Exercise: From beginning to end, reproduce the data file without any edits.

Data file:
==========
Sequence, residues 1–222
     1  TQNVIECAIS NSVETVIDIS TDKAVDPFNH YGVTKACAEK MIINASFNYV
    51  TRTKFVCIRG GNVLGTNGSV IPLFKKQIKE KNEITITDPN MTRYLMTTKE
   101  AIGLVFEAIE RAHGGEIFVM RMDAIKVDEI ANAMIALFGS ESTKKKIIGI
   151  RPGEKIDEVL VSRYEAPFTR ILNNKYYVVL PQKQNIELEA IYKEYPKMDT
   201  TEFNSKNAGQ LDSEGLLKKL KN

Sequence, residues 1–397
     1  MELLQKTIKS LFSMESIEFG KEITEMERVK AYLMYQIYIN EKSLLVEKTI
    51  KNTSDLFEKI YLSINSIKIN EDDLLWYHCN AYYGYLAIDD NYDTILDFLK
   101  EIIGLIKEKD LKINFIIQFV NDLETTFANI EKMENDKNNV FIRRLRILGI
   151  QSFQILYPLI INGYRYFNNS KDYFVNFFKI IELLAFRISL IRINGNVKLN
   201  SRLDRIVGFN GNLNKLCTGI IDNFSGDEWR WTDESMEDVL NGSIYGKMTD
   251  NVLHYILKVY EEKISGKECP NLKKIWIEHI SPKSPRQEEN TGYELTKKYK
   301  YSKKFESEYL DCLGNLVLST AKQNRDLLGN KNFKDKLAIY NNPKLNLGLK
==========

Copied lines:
Sequence, residues 1–222
     1  TQNVIECAIS NSVETVIDIS TDKAVDPFNH YGVTKACAEK MIINASFNYV
    51  TRTKFVCIRG GNVLGTNGSV IPLFKKQIKE KNEITITDPN MTRYLMTTKE
   101  AIGLVFEAIE RAHGGEIFVM RMDAIKVDEI ANAMIALFGS ESTKKKIIGI
   151  RPGEKIDEVL VSRYEAPFTR ILNNKYYVVL PQKQNIELEA IYKEYPKMDT
   201  TEFNSKNAGQ LDSEGLLKKL KN

Sequence, residues 1–397
     1  MELLQKTIKS LFSMESIEFG KEITEMERVK AYLMYQIYIN EKSLLVEKTI
    51  KNTSDLFEKI YLSINSIKIN EDDLLWYHCN AYYGYLAIDD NYDTILDFLK
   101  EIIGLIKEKD LKINFIIQFV NDLETTFANI EKMENDKNNV FIRRLRILGI
   151  QSFQILYPLI INGYRYFNNS KDYFVNFFKI IELLAFRISL IRINGNVKLN
   201  SRLDRIVGFN GNLNKLCTGI IDNFSGDEWR WTDESMEDVL NGSIYGKMTD
   251  NVLHYILKVY EEKISGKECP NLKKIWIEHI SPKSPRQEEN TGYELTKKYK
   301  YSKKFESEYL DCLGNLVLST AKQNRDLLGN KNFKDKLAIY NNPKLNLGLK